coated glass

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mick
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coated glass

Post by mick » Mon Jun 25, 2018 4:51 pm

I have a glass object partially covered with a reflective material. the reflective surface of the coating is pointing to the interior of the glass.

I model this by copying the mesh of the glass (e.g. a half sphere) for the mirror coating (the mantle of the sphere), but just with a subset of the surfaces (inverted), and inverted normals for all vertices. Is this a correct way to model it?

Should I expect any mis-calculations or artifacts from this objects of different material with aligned meshes?

Fox
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Re: coated glass

Post by Fox » Mon Jun 25, 2018 5:15 pm

Yes i think the 2 meshes can not share same area.

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B.Y.O.B.
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Re: coated glass

Post by B.Y.O.B. » Mon Jun 25, 2018 6:52 pm

mick wrote:
Mon Jun 25, 2018 4:51 pm
Is this a correct way to model it?
No, you will get a lot of artifacts.

Instead, you should use the mix material.
Maybe the glossycoating material would also work in your case, but that depends how exactly the reflective surface should work.
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mick
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Re: coated glass

Post by mick » Thu Jun 28, 2018 8:15 pm

Instead, you should use the mix material.
How can this help? The object is partly coated, i.e. surfaces with and others without coating.

So I need to
1. make the mesh
2. calculation vertex normals
3. split coated and uncoated parts
4. invert vertex normals of coated parts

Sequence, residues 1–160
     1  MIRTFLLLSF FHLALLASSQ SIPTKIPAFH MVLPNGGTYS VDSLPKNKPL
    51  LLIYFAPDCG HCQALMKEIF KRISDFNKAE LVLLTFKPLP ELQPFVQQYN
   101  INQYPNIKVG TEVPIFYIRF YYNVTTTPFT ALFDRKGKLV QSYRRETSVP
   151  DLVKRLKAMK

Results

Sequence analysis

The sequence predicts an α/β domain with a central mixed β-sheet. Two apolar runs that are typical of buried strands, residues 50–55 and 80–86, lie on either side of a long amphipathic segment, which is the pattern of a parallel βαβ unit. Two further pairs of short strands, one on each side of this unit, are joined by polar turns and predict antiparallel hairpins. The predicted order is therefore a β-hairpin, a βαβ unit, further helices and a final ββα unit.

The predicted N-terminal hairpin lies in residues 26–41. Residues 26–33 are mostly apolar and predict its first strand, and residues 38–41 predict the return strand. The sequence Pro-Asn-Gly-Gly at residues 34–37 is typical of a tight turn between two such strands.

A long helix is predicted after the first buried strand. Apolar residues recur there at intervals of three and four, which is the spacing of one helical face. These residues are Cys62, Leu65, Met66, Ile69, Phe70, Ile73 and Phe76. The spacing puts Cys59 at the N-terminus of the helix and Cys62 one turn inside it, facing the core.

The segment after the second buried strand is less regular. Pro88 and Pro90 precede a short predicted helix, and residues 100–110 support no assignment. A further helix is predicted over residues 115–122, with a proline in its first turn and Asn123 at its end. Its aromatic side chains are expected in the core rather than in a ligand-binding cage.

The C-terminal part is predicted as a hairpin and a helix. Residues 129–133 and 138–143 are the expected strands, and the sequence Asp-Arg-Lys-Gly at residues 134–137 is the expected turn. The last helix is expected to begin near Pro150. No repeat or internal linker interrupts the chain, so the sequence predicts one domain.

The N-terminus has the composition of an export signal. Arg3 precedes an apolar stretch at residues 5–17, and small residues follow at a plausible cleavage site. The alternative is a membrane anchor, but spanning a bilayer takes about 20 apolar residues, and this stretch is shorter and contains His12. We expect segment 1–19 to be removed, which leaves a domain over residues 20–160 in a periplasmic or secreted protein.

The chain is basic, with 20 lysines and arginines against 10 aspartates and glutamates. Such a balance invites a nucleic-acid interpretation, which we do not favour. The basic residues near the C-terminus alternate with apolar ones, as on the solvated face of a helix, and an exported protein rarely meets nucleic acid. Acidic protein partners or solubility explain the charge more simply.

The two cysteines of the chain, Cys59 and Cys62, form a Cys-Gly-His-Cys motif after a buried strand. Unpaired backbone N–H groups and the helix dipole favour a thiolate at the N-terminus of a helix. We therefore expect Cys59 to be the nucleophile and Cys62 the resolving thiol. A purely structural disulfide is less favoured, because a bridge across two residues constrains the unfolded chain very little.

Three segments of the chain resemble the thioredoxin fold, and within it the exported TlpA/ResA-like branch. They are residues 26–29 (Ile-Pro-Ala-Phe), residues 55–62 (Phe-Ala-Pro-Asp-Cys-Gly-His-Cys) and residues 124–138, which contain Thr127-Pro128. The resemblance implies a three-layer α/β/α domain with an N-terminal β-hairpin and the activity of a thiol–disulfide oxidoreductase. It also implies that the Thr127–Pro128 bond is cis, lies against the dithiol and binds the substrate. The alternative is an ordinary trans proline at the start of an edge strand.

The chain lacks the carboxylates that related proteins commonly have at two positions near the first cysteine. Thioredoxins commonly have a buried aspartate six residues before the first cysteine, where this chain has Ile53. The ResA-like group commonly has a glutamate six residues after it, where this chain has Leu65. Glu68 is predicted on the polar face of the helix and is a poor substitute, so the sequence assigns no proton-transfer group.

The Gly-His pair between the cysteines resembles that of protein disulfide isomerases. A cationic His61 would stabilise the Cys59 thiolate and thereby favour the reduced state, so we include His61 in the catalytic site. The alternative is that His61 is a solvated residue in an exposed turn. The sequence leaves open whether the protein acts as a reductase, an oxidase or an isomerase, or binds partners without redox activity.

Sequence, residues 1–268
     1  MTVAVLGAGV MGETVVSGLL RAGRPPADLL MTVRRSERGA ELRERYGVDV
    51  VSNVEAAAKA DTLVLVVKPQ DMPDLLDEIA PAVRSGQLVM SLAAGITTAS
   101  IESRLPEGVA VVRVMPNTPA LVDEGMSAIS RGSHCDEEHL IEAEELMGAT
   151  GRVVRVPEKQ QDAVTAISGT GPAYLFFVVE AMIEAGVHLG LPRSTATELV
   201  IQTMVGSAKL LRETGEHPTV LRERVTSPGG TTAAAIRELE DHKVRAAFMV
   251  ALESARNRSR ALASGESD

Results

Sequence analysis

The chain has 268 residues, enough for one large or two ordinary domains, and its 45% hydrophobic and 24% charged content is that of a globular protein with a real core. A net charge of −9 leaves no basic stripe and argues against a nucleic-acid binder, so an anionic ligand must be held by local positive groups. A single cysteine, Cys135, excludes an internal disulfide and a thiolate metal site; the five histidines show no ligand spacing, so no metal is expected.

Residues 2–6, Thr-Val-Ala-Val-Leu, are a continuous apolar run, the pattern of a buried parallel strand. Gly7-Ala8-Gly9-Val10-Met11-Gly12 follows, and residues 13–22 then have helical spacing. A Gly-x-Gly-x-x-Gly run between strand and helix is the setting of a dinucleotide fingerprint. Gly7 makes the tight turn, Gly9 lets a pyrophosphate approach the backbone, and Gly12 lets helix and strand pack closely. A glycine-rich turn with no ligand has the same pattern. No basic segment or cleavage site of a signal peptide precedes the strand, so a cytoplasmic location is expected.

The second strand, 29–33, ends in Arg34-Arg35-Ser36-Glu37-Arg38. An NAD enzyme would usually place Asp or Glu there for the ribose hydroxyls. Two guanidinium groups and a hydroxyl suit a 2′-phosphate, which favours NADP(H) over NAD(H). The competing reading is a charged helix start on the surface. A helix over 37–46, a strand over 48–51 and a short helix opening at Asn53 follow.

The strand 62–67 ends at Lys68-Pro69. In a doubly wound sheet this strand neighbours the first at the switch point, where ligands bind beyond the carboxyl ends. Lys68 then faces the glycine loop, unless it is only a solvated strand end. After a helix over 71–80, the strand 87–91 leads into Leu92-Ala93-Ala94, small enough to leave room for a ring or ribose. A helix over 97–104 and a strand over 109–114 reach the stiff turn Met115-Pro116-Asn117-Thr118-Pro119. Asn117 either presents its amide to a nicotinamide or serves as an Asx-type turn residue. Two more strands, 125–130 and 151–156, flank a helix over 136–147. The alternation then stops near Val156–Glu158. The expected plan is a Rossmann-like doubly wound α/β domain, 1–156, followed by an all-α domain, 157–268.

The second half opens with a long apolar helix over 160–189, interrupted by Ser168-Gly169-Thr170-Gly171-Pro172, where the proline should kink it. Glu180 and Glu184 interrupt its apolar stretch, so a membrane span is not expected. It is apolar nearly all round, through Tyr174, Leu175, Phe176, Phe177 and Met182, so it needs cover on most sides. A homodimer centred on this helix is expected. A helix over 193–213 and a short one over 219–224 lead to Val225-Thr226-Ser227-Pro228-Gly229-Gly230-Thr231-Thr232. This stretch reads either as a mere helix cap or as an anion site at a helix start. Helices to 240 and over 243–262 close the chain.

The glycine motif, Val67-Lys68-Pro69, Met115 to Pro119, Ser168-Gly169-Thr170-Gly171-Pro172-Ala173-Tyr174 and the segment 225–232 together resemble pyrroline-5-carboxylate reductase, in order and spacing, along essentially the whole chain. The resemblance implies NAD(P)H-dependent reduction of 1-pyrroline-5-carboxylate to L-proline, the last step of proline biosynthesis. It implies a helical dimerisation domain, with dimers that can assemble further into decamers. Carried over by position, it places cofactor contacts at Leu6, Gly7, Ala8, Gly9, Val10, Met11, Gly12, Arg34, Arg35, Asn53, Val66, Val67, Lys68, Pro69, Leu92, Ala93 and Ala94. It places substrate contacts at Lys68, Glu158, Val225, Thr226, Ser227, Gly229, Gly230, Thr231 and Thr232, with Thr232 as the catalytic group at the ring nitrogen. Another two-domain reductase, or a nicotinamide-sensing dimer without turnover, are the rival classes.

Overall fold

5. create multiple objects to form the hull, some of glass some of mirror (So the objects don't aline by faces but just by edges.)

Since the glass object is not closed then, I can't use volumes, right? So no absorption?

What is the effect of the backside of a mirror material? black matte, or same mirror as front side, or what else?

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Re: coated glass

Post by B.Y.O.B. » Thu Jun 28, 2018 9:24 pm

Please show a picture of what this object should look like.
In my first answer I assumed that you meant a coating (two materials on top of each other). Now it sounds like you have some faces with material A and other with material B.

Instead of splitting the mesh into submeshes for each material, you can also use a black/white texture as input of the amount slot of the mix material.
mick wrote:
Thu Jun 28, 2018 8:15 pm
4. invert vertex normals of coated parts
I think this is not necessary.
The rest sounds correct (if you want to go the mesh-splitting route instead of mix material).
mick wrote:
Thu Jun 28, 2018 8:15 pm
Since the glass object is not closed then, I can't use volumes, right? So no absorption?
As long as all parts of the mesh form an enclosed shape, you can use volumes and get correct results.
mick wrote:
Thu Jun 28, 2018 8:15 pm
What is the effect of the backside of a mirror material? black matte, or same mirror as front side, or what else?
I would advise you to install Blender + BlendLuxCore, it can answer a question like this in seconds if you try it quickly yourself.
The answer is mirror by the way.